If you own a successful family business, that success is likely the result of a lot of hard work, and it probably didn’t happen overnight. And if you enjoy running your family business, you’ll likely want to do so as long as you can. But there will come a time where you’ll want to retire. When that happens, you’ll want to think about what happens to the money you’ve made from the business already, as well as the money your business will make, whether it continues to be owned by your family or sold.
In addition to thinking about a succession plan for when you do leave, and protecting your family business assets in case of conflicts between shareholders, divorces, or other disputes, it’s important to think about estate planning in order to keep you family business legacy intact and to keep your assets from being depleted.
A simple will is good for transitioning assets like houses and bank accounts, but a will alone usually isn’t sufficient to handle the complexity of estate planning for a family business. By hiring a lawyer experienced in helping family businesses with estate planning issues, you can learn about the different options available to you, as well as the advantages that each provide.
Working with a lawyer to set up a trust is one option toward providing for family members while preserving assets. A trust is a legal relationship where assets (such as shares of the family business, or proceeds from the sale or a family business) are held and managed by trustees (you, your spouse, and/or other trusted family members or friends) for a group of beneficiaries (such as your children and grandchildren).
A lawyer can also help you determine the best plan for your specific situation. For instance, if only one of your children is interested in taking over your business, but you want your children to share in the value of the business, or to be treated fairly in the estate by receiving other assets, you can create corporate documents along with provisions in your will that accomplish those aims fairly and prudently. Your lawyer can also make sure that your business agreements are in sync with your estate planning documents.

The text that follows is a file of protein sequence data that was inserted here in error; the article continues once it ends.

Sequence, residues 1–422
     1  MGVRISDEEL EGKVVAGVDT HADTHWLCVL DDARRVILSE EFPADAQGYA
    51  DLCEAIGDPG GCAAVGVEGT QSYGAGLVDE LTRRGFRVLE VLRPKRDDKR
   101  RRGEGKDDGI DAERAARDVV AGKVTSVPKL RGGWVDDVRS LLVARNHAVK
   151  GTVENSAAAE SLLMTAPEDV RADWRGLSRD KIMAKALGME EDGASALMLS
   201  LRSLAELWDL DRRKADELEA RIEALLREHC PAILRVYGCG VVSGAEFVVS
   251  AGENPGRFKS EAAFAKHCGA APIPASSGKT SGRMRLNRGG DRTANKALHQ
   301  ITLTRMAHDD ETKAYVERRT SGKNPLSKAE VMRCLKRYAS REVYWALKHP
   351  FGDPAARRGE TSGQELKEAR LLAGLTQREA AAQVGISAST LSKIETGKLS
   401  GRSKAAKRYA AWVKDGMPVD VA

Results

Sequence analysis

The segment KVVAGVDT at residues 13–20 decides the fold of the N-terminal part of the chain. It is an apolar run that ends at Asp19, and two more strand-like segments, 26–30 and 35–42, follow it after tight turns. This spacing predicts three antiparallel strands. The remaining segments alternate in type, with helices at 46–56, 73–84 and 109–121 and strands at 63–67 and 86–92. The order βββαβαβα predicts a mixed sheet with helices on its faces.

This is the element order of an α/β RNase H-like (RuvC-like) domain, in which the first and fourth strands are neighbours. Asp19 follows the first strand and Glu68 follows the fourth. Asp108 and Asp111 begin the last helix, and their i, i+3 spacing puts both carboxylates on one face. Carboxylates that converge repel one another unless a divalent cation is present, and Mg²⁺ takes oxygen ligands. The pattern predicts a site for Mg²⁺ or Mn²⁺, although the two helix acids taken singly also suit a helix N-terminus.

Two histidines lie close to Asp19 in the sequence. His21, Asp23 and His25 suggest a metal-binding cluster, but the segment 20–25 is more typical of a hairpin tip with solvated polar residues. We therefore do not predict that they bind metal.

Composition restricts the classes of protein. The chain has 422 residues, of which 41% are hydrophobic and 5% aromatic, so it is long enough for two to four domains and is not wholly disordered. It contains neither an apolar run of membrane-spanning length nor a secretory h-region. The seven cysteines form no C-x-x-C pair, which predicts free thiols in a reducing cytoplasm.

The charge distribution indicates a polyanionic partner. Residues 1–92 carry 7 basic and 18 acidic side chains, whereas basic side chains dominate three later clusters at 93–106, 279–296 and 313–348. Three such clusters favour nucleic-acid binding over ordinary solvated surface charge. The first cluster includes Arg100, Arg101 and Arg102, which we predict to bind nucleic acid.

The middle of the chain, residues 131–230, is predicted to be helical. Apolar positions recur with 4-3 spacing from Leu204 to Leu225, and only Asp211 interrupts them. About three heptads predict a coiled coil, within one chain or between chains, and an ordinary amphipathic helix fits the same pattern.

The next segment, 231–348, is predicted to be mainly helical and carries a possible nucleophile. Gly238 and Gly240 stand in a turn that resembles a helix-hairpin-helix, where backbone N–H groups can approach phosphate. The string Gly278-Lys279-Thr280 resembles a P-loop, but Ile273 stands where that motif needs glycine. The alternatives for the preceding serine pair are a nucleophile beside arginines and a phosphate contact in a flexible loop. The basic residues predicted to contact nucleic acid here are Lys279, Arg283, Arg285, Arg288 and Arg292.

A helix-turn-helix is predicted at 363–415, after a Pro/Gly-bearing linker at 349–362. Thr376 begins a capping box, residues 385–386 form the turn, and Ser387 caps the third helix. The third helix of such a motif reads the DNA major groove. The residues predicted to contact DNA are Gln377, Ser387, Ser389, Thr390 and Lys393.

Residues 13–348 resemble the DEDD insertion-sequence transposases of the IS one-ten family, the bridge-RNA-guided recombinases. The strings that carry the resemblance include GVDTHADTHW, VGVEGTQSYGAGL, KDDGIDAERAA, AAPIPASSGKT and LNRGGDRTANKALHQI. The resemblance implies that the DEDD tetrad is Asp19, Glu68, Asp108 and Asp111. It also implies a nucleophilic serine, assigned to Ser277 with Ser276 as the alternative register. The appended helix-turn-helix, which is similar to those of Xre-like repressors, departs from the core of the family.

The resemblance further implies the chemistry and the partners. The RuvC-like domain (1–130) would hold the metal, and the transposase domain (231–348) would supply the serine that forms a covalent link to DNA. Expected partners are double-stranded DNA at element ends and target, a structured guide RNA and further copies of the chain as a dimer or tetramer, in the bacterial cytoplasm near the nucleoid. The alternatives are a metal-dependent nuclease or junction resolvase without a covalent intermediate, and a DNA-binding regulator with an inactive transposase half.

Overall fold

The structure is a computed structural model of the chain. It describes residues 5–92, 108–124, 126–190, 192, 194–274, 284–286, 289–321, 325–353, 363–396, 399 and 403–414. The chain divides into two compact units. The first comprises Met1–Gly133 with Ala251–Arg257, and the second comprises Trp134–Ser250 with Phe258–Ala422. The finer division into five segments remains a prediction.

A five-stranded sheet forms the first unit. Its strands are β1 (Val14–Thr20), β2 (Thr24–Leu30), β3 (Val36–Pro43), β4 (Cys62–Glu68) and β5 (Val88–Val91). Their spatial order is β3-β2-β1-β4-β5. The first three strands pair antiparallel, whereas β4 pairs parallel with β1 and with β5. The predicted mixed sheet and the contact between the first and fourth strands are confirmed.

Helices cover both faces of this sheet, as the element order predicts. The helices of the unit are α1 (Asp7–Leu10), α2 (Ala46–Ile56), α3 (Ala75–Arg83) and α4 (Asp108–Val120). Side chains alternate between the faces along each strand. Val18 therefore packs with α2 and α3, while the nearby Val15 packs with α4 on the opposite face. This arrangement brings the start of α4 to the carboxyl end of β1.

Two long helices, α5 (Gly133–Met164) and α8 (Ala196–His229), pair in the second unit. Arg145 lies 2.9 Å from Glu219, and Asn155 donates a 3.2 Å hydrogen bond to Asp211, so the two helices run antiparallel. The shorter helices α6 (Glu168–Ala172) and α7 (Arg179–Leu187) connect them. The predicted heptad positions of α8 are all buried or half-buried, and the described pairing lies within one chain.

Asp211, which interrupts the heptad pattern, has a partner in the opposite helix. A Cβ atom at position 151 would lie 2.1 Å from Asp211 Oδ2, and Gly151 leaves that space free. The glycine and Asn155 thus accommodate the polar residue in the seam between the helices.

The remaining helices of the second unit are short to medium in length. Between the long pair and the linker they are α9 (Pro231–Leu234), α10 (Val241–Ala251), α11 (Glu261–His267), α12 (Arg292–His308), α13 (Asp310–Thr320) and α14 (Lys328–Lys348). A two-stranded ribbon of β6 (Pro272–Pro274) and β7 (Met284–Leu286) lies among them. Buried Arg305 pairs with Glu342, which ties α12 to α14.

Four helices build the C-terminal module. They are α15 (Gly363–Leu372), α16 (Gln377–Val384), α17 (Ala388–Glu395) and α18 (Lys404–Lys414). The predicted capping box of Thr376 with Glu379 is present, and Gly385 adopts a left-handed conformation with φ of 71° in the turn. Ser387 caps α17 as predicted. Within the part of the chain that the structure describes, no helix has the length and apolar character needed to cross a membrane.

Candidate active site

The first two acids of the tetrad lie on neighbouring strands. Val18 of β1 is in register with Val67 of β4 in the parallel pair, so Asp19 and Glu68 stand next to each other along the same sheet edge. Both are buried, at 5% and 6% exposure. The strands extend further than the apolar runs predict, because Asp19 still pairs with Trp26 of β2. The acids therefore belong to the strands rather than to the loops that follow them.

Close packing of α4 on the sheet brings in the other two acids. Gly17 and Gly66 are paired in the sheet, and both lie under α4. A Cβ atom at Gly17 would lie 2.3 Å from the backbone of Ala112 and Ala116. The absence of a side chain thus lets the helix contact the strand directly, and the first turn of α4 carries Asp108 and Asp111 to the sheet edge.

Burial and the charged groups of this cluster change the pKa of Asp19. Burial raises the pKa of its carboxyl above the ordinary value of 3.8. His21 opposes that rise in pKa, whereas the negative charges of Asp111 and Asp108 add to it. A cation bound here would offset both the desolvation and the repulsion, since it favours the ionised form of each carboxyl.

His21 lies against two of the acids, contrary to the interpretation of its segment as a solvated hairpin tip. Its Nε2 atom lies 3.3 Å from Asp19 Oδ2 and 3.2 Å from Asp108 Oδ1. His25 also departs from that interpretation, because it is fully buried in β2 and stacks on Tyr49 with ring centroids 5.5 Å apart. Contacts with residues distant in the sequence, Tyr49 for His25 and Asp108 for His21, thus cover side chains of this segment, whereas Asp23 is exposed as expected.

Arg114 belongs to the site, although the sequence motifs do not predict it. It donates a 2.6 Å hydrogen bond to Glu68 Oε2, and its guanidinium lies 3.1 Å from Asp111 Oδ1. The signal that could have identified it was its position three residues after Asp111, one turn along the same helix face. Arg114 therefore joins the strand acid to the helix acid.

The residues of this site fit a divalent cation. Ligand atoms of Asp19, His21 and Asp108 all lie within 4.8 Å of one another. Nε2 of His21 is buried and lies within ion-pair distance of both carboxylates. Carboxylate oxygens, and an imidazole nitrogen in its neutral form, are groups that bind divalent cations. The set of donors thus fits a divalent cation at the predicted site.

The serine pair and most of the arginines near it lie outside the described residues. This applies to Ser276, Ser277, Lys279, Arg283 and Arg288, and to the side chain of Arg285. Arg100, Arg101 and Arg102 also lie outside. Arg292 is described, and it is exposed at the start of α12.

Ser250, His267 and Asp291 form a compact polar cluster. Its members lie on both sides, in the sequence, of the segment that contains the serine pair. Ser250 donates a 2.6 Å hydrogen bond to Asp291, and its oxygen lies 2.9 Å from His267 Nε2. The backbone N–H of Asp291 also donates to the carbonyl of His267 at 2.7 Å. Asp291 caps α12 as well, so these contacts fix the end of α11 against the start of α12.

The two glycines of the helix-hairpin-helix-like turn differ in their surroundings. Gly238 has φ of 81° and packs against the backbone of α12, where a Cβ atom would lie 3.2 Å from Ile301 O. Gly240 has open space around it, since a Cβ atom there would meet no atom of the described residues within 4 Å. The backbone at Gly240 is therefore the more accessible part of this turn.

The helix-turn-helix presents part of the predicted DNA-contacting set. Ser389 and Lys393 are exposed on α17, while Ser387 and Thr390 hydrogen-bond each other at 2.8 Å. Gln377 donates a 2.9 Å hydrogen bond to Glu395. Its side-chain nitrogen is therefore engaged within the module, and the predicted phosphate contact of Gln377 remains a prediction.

It’s also essential to factor in taxes when you’re working out estate planning provisions. Without figuring out how tax laws affect the plans you’re considering for distributing assets, you can’t fully determine which avenue will be most advantageous. A lawyer experienced in estate planning, working with your accountant in a holistic approach, will be able to incorporate tax issues into weighing the possibilities for you and your family.
By taking the time to work through estate planning with an experienced lawyer, you’re creating a foundation for future generations of family members to succeed – but you’re also making sure that the success you’ve built with your family business to date, and the rewards the business has provided you and your family, remains under your guidance and judgement.